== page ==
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Zovio Sells For-profit Ashford University to University of Arizona for $1 and Massive OPM Contract

Zovio (formerly Bridgepoint Education), the parent company of Ashford University, has been working for the past two years to spin off the for-profit school into some form of nonprofit conversion. The goal is to get out of the challenging for-profit sector and get into the growing Online Program Management (OPM) market, as CEO Andrew Clark described on the company’s quarterly earnings call this morning.

This is a monumental day for Zovio in our transition to a world class education technology services company. Two years ago we announced our intent to return Ashford to its historical nonprofit status the institution held in 2005. Since then, we have been steadfast in the advancement of this process.

The Deal

This morning, the University of Arizona announced its agreement to acquire Ashford University in a deal remarkably similar to the Purdue University’s 2017 deal to acquire Kaplan University, even down to the resulting name. University of Arizona Global Campus, meet Purdue University Global (and that’s leaving aside the rebranding of the University of Maryland Global Campus).

U Arizona buys 35,000-student Ashford U for $1. Well, that plus a 15-year OPM contract. If you’d like to read more of the details, see the Inside Higher Ed coverage for the best description, or the Chronicle coverage that includes descriptions of Ashford University’s challenges, or the Street Insider coverage for the general reaction of financial markets.

Inside Higher Ed’s article positions the move from Arizona’s perspective.

When Robert C. Robbins became president of the University of Arizona in 2017, he says he found it “curious” that ASU had amassed tens of thousands of online students, but the University of Arizona had not.

“It’s like a baseball team. You can either build a professional team through your farm system in-house, or you can go to the free-agent market and bring in a star player. The problem is that now, few institutions have the money to invest internally.”

From my perspective, Zovio is making a smart move with this deal, addressing real problems, but the University of Arizona seems to be distracted and solving the wrong problems. UA might be signing a free agent, but that new player won’t even play for the professional team despite wearing a similar uniform, when the actual team is playing in an elimination tournament and needs help.

Pandemic. What Pandemic?

What is missing in the comparisons to Purdue Global, or ASU, or building a baseball team, is that little nuisance of a pandemic. Nearly every higher education institution moved online in the spring, and the vast majority will remain in online or hybrid mode at least through the fall, while confronting an existential crisis. Every school is or should be scrambling to figure out its value proposition to its student population, and figuring out how to improve the quality of its online and hybrid course delivery and student services.

The Ashford University acquisition and creation of the University of Arizona Global Campus does little to improve Arizona’s current online offerings, yet the University of Arizona senior administration has chosen to spend its time and resources with this deal and not investing in the farm system that is being asked to serve its actual students today.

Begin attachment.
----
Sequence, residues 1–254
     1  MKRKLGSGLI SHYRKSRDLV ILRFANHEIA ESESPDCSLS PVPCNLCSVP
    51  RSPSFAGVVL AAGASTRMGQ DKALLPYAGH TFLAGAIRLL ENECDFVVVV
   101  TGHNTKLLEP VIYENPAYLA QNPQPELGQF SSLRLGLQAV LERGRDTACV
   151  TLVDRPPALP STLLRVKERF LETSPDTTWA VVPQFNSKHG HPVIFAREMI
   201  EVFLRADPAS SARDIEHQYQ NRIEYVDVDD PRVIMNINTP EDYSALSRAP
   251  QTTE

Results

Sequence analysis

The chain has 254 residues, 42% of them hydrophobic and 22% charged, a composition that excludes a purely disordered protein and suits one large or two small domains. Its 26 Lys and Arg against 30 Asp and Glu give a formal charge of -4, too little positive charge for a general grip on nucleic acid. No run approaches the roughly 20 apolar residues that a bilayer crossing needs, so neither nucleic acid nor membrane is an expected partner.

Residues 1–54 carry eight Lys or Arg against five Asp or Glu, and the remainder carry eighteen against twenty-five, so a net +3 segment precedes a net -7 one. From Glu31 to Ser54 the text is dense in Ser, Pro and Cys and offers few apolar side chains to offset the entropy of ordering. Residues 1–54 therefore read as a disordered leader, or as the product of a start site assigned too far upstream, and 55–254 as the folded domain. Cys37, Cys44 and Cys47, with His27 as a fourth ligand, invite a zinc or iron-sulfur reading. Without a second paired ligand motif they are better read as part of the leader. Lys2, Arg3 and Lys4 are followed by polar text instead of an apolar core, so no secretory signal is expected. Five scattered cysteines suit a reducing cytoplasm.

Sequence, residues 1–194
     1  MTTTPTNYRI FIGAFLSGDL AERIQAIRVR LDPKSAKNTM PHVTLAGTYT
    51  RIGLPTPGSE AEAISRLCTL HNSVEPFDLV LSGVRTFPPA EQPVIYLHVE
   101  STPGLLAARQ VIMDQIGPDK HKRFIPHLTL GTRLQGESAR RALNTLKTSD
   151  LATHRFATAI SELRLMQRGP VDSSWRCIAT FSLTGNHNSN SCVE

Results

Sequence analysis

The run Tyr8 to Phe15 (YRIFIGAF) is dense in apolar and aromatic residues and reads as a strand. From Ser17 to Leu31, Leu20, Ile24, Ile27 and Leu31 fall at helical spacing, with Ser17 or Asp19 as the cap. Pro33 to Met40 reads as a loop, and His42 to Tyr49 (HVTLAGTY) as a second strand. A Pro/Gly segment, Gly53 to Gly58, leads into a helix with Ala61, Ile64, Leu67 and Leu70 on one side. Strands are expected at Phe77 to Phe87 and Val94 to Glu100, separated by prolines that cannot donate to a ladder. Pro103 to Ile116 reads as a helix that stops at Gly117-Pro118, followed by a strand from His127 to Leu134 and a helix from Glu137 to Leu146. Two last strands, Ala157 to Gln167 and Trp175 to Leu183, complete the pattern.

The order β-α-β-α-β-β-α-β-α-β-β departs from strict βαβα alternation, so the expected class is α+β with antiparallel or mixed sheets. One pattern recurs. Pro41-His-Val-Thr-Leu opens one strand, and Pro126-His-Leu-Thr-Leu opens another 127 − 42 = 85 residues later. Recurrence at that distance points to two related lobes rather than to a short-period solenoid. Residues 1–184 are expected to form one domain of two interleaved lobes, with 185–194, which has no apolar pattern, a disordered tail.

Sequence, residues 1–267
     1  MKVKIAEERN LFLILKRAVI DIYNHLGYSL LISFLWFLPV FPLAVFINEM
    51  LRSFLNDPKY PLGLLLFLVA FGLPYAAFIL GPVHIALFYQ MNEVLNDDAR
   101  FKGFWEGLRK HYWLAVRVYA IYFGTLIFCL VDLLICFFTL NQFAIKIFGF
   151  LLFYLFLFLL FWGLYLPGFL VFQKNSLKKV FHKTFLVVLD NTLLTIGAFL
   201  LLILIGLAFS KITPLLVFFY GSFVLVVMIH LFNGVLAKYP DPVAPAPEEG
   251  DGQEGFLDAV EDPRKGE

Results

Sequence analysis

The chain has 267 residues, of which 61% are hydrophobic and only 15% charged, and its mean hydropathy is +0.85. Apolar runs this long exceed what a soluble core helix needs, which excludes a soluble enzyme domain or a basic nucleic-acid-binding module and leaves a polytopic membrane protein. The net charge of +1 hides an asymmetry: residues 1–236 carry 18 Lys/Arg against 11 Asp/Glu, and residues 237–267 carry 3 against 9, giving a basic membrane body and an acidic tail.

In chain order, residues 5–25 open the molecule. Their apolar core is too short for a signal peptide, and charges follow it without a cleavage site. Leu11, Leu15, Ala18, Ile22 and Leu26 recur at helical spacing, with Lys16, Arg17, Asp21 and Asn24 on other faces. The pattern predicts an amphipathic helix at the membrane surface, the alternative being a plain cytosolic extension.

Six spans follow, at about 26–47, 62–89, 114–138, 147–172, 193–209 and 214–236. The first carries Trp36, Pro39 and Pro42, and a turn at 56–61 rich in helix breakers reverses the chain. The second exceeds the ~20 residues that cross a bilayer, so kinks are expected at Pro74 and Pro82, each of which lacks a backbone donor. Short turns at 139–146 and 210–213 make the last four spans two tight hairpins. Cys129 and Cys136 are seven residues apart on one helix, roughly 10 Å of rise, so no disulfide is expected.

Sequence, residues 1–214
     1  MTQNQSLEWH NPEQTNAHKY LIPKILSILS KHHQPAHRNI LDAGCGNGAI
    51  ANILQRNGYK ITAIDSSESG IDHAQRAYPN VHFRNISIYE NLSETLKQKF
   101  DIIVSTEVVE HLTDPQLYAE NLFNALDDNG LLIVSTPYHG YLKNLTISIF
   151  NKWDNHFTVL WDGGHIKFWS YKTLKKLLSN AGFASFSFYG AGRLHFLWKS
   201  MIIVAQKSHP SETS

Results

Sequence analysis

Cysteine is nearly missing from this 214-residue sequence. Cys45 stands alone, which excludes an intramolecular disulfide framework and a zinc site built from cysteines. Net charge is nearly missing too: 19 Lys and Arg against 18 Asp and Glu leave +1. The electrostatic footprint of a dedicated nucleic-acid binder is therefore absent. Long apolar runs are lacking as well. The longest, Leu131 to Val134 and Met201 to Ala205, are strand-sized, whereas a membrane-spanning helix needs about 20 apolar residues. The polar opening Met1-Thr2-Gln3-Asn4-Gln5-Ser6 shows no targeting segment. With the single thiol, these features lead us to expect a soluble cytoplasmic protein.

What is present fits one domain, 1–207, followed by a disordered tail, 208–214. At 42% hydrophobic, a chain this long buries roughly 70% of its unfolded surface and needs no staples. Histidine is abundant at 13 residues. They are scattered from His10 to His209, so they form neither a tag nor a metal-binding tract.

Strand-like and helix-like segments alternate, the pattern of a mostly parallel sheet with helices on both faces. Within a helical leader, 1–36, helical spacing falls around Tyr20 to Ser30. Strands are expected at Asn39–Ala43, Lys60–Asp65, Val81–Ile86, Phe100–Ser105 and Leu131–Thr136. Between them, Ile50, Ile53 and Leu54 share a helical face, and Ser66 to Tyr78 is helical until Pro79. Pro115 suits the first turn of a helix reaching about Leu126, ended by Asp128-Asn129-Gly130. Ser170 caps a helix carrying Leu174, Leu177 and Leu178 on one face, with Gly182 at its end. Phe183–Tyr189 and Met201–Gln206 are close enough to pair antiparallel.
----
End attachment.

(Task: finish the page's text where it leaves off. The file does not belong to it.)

The University of Arizona took an aggressive move in early April with faculty and staff furloughs and pay cuts, as reported at Tuscon.com.

The unprecedented steps, made as the UA braces for “extreme” economic fallout from the coronavirus pandemic, go into effect on May 11 and require employees making $150,001 or more to take at least a 17% pay cut, while those making less to take unpaid work days resulting in at least a 5% salary reduction.

Those cost-saving efforts come as the UA has already seen $66 million in losses — and is projected to lose as much as $250 million — as a result of the coronavirus, according to UA president Robert C. Robbins, who told the Arizona Daily Star on Friday that the furloughs will be reviewed each month to ensure they’re hitting their savings goals.

“This is incredibly, incredibly difficult and painful to do. I have great empathy for everyone. At the same time, we’re not firing anybody. We’re just asking people to take reduction in time at work,” Robbins said. “My hope is itdoesn’t last the year. We’re fully expecting our students to come back on campus. If we have to go to all digital, remote learning like we are now, the number will be dramatically higher because the tuition that we would offer would probably reduced.”

The UA Global Campus deal will not be complete until at least the end of the year, and even then it will be a separate organization, with a separate student body with very different demographic profile, separate accreditation, and will leverage the existing Ashford University management team and staff. From the Chronicle:

Ashford has 35,000 students, most of them working adults: 87 percent of its undergraduates are 25 and older, according to federal data. Among Arizona’s 35,000 undergraduates, about the same proportion is 24 and under.

I suspect this news of UA Global Campus will not go down well in Arizona, when the school is actually cutting its budget for support of existing students and faculty and staff.

Update 8/4: Indeed, the backlash has already begun.

OPM Contract

The real payoff for Zovio is two-fold: it gets rid of the problematic Ashford University while keeping the OPM services that can be leveraged to sell to other schools.

Ashford University has lost more than half of its student population since its 2011 peak, although the recent losses have slowed somewhat. The chart below shows fully-online enrollments for both Ashford University and the University of Arizona since 2012.

IPEDS data for fully-online students at Ashford University and the University of Arizona since 2012.

The enrollment decline is not the only problem, however, as described by the Chronicle.